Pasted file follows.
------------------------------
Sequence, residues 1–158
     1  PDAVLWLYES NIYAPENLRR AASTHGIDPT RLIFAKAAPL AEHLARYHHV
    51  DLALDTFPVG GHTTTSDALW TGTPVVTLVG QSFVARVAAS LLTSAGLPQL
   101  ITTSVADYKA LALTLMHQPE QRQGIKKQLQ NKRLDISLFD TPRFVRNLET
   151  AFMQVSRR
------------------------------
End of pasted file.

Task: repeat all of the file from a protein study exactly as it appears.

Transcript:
Sequence, residues 1–158
     1  PDAVLWLYES NIYAPENLRR AASTHGIDPT RLIFAKAAPL AEHLARYHHV
    51  DLALDTFPVG GHTTTSDALW TGTPVVTLVG QSFVARVAAS LLTSAGLPQL
   101  ITTSVADYKA LALTLMHQPE QRQGIKKQLQ NKRLDISLFD TPRFVRNLET
   151  AFMQVSRR